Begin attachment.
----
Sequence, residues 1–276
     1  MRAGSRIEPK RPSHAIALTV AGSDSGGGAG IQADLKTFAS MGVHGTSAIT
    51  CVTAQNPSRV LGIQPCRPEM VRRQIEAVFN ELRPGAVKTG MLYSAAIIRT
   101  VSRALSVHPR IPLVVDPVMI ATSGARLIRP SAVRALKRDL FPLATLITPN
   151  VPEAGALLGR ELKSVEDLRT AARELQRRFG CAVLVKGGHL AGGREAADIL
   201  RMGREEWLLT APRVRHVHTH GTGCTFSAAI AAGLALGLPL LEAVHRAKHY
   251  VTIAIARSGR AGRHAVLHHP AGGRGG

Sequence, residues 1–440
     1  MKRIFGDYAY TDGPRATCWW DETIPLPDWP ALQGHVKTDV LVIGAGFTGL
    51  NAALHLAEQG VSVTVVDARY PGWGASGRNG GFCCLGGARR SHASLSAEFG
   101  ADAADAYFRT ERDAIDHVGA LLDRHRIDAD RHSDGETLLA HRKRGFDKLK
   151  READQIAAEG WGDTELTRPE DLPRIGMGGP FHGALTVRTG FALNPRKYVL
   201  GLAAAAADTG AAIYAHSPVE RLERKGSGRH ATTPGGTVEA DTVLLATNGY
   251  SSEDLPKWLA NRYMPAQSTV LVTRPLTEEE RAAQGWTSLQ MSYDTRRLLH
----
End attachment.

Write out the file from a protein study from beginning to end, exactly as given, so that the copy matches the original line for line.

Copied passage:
Sequence, residues 1–276
     1  MRAGSRIEPK RPSHAIALTV AGSDSGGGAG IQADLKTFAS MGVHGTSAIT
    51  CVTAQNPSRV LGIQPCRPEM VRRQIEAVFN ELRPGAVKTG MLYSAAIIRT
   101  VSRALSVHPR IPLVVDPVMI ATSGARLIRP SAVRALKRDL FPLATLITPN
   151  VPEAGALLGR ELKSVEDLRT AARELQRRFG CAVLVKGGHL AGGREAADIL
   201  RMGREEWLLT APRVRHVHTH GTGCTFSAAI AAGLALGLPL LEAVHRAKHY
   251  VTIAIARSGR AGRHAVLHHP AGGRGG

Sequence, residues 1–440
     1  MKRIFGDYAY TDGPRATCWW DETIPLPDWP ALQGHVKTDV LVIGAGFTGL
    51  NAALHLAEQG VSVTVVDARY PGWGASGRNG GFCCLGGARR SHASLSAEFG
   101  ADAADAYFRT ERDAIDHVGA LLDRHRIDAD RHSDGETLLA HRKRGFDKLK
   151  READQIAAEG WGDTELTRPE DLPRIGMGGP FHGALTVRTG FALNPRKYVL
   201  GLAAAAADTG AAIYAHSPVE RLERKGSGRH ATTPGGTVEA DTVLLATNGY
   251  SSEDLPKWLA NRYMPAQSTV LVTRPLTEEE RAAQGWTSLQ MSYDTRRLLH